Drill and blast has come a long way in recent years driven by an industry-wide need to improve safety and efficiency.
With enhanced software, advanced drill equipment, innovative explosives and superior detonation techniques we’re now able to achieve highly precise blasts, reducing dilution and delivering higher quality ore – and more safely.
Advanced blast fragmentation modelling software such as 2D Bench has impacted the way we plan blast patterns and parameters by allowing us to analyse and simulate the detonation of the proposed design.
2D Bench provides a cost effective solution for blast design, blast analysis and tie-in plans for shotfirers. When 2D Bench is combined with survey software such as Surpac it provides additional benefits such as 3D modelling and allows blast designs to be created using topographic information and pit designs.
This predictive software allows us to further enhance our blast outcomes by enabling changes to design parameters prior to implementation in the field.
Improved software reporting functions allow for accurate information to be passed on to the shotfirer.
Advanced drill equipment
One of the most dramatic changes in drill and blast has been drill equipment.
Recent advances to the state-of-the-art hydraulic drills used today include the use of CANbus control – systems which provide onboard monitoring and maintenance assessment. Modern drills have GPS hole location capabilities, rock recognition software, auto collaring and in some cases, auto drilling. Remote drills are also becoming more accepted in some applications.
Rock recognition software enables drill hole information and rock recognition information from the software in the drills to be fed into the blast design program. The type and amount of explosive for each hole comes from the design program and can be sent directly to the GPS enabled MPU (mobile processing unit). As the MPU positions over each hole it is automatically loaded as per the design.
Another equipment innovation developed in recent years and now utilised around Australia is the ANFO Hopper.
The ANFO Hopper, developed by Action Drill & Blast during a drill and blast project at Rio Tinto’s Western Turner Syncline project in WA, is a device that fits onto a front end loader or interchangeable tool carrier. It safely carries 1.8 tonnes of ANFO explosive onto sloping and uneven ground where blasting services previously required manual handling of bulk explosive products. It greatly reduces the risk of injury from repetitive manual handling and carrying load whilst walking on rough ground.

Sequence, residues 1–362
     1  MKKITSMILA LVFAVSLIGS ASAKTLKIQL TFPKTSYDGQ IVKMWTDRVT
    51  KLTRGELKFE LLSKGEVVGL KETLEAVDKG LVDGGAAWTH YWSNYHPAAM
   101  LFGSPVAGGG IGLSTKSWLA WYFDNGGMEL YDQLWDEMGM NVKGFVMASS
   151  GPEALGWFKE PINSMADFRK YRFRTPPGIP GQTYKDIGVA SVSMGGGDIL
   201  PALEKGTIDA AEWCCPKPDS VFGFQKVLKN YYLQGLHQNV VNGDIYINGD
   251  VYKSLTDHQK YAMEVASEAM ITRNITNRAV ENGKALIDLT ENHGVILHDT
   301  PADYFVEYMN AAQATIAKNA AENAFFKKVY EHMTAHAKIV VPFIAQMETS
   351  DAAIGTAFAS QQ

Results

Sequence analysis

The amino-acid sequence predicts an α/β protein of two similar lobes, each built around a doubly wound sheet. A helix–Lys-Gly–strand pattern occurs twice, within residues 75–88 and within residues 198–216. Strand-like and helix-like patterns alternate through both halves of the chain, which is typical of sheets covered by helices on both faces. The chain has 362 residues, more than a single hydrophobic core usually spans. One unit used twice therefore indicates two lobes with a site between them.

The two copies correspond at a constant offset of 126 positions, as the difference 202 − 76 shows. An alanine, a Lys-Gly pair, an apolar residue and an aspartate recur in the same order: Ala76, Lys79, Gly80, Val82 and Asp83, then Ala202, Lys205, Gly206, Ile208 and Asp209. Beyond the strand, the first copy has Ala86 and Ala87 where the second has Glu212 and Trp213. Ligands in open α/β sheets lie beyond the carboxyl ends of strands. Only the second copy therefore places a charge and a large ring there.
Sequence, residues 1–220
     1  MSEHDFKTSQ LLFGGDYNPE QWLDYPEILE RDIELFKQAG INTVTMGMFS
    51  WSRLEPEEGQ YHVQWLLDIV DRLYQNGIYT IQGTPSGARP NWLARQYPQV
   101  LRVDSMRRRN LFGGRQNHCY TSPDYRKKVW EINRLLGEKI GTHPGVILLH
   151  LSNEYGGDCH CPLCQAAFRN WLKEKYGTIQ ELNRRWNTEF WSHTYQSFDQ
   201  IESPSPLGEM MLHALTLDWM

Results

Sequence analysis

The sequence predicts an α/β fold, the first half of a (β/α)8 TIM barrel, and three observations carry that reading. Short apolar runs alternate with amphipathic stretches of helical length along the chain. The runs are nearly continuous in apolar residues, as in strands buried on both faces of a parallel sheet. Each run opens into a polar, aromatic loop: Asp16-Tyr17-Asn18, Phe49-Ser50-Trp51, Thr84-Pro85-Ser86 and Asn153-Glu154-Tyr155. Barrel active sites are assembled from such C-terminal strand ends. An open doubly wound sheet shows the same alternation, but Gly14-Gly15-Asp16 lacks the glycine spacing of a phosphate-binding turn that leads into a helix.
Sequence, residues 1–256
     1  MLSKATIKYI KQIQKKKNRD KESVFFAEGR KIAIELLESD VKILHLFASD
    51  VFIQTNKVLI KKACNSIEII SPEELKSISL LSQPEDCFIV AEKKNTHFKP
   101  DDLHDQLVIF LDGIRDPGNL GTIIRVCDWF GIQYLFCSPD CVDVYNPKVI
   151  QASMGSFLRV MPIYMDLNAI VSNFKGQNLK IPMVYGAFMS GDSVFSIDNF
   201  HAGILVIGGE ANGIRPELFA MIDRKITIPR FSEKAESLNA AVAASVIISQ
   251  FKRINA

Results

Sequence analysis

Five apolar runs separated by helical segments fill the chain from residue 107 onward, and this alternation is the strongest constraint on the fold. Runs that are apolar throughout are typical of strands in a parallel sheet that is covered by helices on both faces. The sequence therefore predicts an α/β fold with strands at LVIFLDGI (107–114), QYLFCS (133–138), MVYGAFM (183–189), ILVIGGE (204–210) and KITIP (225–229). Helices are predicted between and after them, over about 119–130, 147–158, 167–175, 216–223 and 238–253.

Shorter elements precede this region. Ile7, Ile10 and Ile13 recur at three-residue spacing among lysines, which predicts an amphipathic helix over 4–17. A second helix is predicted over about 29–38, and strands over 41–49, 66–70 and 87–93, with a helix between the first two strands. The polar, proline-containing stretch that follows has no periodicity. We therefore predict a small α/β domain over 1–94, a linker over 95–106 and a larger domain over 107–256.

Further, direct delivery into the blast hole from the hopper enables more accurate record keeping of explosives consumed on a hole-by-hole basis. The use of the hopper also reduces the number of personnel required for contour blasting and provides a quicker turn around in the delivery of product to the blast holes.
Factors such as blast hole diameter and bench height, rock hardness, the presence of water, ground conditions, supply and storage cost, proximity to vibration sensitive receivers, fragmentation requirements for crushing, muck pile profile to suit excavation methods and equipment need to be considered when selecting the types of explosives to be used for mining operations.
The bulk explosives products available today allow us to better match the rock type to the explosives to achieve a much more controlled and productive blast. The main bulk explosives available are ANFO, Heavy ANFO and Emulsion.
Non-electric and electronic detonators are the main types of detonators available on the market today. Non-electric detonators have the advantage of being more cost effective and readily available from numerous suppliers and are widely recognised as being easier to use in the field. The main disadvantages of non-electric detonators is the timing precision or scatter that occurs, which is not desirable for vibration controlled blasting, and the limited range of detonator timing delays available on the market, which reduces design flexibility.
Electronic detonators have the advantage of high precision timing which is ideal for vibration controlled blasting and achieving improved fragmentation on a site specific basis. When modifications are required to blast designs, electronic detonators eliminate concerns relating to detonator scatter. Electronic systems with two way communication can identify detonator misfires prior to initiation.
However, electronic detonators are typically higher cost and have additional training requirements for shotfirers given the potential for incorrect data entry and the lack of visual check other than the display on the programming unit.
Safety will continue to drive innovation
Improving safety will always be a key driver of innovation in drill and blast. A commitment to continuous improvement in this area by in-house teams and contractors alike will ensure we remain focused on reducing risks in the workplace and maximising productivity.